I have been gratiﬁed by the warm reception the ﬁrst edition of The Algorithm Design Manual has received since its initial publication in 1997. It has been recognized as a unique guide to using algorithmic techniques to solve problems that often arise in practice. But much has changed in the world since the The Algorithm Design Manual was ﬁrst published over ten years ago. Indeed, if we date the origins of modern algorithm design and analysis to about 1970, then roughly 30% of modern algorithmic history has happened since the ﬁrst coming of The Algorithm Design Manual.

Three aspects of The Algorithm Design Manual have been particularly beloved: (1) the catalog of algorithmic problems, (2) the war stories, and (3) the electronic component of the book. These features have been preserved and strengthened in this edition:

• The Catalog of Algorithmic Problems – Since ﬁnding out what is known about an algorithmic problem can be a diﬃcult task, I provide a catalog of the 75 most important problems arising in practice. By browsing through this catalog, the student or practitioner can quickly identify what their problem is called, what is known about it, and how they should proceed to solve it. To aid in problem identiﬁcation, we include a pair of “before” and “after” pictures for each problem, illustrating the required input and output speciﬁcations. One perceptive reviewer called my book “The Hitchhiker’s Guide to Algorithms” on the strength of this catalog.

The catalog is the most important part of this book. To update the catalog for this edition, I have solicited feedback from the world’s leading experts on each associated problem. Particular attention has been paid to updating the discussion of available software implementations for each problem.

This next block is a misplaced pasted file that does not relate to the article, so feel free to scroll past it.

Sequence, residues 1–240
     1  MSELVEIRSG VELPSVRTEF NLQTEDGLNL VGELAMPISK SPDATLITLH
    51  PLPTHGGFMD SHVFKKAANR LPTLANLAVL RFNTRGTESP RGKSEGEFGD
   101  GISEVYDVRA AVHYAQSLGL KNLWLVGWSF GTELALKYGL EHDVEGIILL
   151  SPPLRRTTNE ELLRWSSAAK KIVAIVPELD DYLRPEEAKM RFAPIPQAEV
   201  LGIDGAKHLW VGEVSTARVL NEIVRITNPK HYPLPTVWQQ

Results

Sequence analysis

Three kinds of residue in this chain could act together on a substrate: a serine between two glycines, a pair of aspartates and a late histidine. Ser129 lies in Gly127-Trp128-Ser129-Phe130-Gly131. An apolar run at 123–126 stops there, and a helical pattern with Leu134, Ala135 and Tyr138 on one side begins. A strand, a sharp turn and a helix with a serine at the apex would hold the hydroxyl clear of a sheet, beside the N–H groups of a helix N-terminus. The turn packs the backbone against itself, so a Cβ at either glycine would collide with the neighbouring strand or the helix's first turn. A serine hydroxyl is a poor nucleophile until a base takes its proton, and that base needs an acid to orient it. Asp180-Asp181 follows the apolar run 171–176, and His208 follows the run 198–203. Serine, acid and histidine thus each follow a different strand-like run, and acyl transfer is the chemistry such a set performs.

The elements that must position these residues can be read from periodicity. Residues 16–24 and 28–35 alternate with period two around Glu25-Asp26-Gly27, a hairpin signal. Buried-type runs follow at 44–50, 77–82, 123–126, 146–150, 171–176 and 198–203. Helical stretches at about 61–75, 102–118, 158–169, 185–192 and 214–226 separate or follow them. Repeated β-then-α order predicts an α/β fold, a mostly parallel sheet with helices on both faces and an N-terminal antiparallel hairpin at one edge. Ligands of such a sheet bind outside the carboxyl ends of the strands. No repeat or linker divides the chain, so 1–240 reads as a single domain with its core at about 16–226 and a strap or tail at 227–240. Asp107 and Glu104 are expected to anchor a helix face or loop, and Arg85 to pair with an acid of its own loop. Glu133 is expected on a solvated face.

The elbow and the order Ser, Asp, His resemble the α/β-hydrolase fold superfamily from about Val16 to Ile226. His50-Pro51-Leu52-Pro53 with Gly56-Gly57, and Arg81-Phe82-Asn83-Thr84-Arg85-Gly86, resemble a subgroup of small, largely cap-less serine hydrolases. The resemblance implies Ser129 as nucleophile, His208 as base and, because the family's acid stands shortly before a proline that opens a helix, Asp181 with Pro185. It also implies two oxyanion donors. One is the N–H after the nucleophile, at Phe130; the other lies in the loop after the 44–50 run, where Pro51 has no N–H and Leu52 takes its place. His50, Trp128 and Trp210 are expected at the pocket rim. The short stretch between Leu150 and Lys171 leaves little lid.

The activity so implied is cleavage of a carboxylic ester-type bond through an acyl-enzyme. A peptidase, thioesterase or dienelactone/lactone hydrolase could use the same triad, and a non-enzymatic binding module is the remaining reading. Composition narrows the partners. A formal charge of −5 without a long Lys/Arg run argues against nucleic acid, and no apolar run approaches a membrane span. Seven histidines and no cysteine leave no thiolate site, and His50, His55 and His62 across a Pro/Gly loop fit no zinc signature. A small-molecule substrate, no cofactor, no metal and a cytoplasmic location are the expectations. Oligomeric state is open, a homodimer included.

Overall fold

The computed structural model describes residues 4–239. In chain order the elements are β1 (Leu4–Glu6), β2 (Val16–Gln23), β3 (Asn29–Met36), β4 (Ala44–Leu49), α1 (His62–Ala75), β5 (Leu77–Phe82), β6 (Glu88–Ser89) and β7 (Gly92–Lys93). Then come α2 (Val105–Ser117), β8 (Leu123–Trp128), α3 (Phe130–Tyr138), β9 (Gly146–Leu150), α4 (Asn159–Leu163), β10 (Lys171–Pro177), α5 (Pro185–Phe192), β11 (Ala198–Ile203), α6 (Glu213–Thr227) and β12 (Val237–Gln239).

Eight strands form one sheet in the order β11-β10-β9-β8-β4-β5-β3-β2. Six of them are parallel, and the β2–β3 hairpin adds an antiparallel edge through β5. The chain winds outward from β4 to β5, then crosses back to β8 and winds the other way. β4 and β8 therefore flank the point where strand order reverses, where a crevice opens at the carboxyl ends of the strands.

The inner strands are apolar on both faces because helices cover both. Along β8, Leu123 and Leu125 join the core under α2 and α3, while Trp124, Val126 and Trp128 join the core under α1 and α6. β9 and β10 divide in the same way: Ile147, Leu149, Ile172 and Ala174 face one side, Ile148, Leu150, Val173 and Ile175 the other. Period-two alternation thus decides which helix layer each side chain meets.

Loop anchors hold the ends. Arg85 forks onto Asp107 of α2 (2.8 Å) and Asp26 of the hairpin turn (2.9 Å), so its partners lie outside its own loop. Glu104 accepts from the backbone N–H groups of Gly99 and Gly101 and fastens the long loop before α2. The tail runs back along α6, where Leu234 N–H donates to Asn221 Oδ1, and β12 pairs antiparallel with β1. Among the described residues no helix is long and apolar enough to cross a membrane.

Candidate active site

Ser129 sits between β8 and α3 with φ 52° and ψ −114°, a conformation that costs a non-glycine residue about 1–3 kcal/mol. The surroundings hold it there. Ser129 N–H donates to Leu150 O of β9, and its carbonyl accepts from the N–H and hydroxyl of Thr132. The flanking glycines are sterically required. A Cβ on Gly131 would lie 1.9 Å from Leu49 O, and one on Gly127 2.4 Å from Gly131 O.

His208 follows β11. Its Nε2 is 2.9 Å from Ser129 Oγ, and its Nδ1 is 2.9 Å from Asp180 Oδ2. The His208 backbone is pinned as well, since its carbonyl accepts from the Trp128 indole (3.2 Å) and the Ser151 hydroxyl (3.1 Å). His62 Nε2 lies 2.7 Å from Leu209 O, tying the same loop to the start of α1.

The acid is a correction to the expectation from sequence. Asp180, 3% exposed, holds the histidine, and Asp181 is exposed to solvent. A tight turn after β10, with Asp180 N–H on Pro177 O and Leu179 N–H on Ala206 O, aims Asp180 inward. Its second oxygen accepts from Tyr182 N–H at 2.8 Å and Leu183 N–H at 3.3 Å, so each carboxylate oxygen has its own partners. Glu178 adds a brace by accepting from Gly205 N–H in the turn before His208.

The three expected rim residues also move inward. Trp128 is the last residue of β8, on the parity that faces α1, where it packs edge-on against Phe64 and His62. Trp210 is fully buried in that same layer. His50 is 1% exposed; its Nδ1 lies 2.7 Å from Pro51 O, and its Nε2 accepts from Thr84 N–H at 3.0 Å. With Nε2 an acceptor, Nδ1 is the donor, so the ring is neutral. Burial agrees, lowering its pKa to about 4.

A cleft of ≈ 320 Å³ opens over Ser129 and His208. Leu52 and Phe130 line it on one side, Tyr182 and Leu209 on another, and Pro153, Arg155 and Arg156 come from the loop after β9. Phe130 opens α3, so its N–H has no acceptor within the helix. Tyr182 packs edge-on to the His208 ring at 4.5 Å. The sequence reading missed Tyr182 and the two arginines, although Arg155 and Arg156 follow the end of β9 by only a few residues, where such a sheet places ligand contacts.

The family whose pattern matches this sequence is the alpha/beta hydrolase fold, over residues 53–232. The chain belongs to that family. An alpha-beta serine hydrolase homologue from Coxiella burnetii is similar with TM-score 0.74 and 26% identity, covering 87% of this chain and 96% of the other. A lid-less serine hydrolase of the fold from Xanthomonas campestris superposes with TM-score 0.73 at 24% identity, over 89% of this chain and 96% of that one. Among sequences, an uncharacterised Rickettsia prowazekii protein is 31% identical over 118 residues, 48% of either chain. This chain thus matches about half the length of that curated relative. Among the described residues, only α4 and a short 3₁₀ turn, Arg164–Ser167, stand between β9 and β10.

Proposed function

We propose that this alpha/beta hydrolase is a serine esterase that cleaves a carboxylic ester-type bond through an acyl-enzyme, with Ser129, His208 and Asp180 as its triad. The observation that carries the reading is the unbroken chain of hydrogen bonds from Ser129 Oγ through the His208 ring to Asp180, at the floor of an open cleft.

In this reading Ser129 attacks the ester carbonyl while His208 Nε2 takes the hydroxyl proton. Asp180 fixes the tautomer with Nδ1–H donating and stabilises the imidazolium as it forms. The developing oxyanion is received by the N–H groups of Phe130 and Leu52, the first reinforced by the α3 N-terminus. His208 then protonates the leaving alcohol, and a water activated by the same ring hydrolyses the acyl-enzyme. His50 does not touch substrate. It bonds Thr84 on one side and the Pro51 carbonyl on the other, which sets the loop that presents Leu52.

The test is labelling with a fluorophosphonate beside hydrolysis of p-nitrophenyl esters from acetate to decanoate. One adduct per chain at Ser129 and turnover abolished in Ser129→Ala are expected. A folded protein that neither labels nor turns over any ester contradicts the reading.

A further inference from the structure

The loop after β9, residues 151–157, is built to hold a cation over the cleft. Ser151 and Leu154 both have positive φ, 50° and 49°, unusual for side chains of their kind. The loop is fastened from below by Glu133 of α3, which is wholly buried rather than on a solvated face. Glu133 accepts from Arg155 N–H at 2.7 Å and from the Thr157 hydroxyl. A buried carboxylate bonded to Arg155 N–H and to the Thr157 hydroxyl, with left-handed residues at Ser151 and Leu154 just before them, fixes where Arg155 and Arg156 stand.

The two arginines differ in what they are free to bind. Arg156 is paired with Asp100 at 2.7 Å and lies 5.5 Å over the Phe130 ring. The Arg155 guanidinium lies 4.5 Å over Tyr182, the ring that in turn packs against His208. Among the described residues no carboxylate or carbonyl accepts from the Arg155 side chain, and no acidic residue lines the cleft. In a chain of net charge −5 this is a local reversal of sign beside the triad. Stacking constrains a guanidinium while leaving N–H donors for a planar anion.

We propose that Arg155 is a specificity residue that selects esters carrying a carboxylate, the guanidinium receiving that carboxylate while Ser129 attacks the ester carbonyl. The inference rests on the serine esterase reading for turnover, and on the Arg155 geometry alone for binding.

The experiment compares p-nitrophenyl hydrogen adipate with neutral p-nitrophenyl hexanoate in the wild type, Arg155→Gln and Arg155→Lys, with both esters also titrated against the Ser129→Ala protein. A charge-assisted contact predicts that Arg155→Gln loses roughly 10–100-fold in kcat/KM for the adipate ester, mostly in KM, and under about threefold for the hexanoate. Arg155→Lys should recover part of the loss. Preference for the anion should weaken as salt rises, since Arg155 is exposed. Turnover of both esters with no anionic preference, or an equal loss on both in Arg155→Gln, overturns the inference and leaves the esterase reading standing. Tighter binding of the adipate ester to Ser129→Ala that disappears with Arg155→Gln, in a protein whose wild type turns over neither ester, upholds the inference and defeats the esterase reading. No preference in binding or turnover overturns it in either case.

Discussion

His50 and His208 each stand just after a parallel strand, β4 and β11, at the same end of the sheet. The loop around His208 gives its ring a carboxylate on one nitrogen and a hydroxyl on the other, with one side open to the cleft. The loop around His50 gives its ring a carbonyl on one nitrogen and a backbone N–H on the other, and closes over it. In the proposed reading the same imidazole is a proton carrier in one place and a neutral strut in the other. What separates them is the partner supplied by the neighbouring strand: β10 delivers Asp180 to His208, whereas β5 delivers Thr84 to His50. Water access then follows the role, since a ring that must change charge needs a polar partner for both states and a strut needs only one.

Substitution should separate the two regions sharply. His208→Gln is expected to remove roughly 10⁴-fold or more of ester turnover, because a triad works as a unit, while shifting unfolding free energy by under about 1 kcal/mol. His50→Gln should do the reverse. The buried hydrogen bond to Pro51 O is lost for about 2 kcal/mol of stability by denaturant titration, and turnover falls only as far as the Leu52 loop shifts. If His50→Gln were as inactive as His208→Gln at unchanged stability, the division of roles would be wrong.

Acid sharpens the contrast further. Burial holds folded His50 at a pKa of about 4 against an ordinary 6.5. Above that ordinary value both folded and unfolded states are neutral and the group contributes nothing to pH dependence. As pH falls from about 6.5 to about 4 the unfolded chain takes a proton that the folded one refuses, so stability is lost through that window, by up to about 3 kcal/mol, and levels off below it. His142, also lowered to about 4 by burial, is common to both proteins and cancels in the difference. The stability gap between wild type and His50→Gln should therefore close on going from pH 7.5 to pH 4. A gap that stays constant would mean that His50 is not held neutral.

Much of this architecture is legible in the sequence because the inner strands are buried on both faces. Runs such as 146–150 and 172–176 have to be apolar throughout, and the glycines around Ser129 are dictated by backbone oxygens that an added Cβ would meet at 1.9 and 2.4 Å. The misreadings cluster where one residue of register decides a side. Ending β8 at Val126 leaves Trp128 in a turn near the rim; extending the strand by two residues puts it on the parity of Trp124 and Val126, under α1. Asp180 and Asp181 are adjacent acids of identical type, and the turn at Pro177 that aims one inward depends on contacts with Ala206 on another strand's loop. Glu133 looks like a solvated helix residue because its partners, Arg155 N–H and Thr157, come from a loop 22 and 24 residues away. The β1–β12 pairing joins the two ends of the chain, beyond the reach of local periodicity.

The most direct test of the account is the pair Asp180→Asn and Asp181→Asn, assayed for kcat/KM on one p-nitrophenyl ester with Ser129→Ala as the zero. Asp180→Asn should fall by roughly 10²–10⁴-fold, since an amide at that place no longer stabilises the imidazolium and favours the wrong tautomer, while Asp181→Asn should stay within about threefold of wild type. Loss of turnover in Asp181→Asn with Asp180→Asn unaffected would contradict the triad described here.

• War Stories – In practice, algorithm problems do not arise at the beginning of a large project. Rather, they typically arise as subproblems when it becomes clear that the programmer does not know how to proceed or that the current solution is inadequate.

To provide a better perspective on how algorithm problems arise in the real world, we include a collection of “war stories,” or tales from our experience with real problems. The moral of these stories is that algorithm design and analysis is not just theory, but an important tool to be pulled out and used as needed.

This edition retains all the original war stories (with updates as appropriate) plus additional new war stories covering external sorting, graph algorithms, simulated annealing, and other topics.

• Electronic Component – Since the practical person is usually looking for a program more than an algorithm, we provide pointers to solid implementations whenever they are available. We have collected these implementations

PREFACE vii at one central website site http://www.cs.sunysb.edu/∼algorith for easy retrieval. We have been the number one “Algorithm” site on Google pretty much since the initial publication of the book.

Further, we provide recommendations to make it easier to identify the correct code for the job. With these implementations available, the critical issue in algorithm design becomes properly modeling your application, more so than becoming intimate with the details of the actual algorithm. This focus permeates the entire book.

Equally important is what we do not do in this book. We do not stress the mathematical analysis of algorithms, leaving most of the analysis as informal arguments. You will not ﬁnd a single theorem anywhere in this book. When more details are needed, the reader should study the cited programs or references. The goal of this manual is to get you going in the right direction as quickly as possible.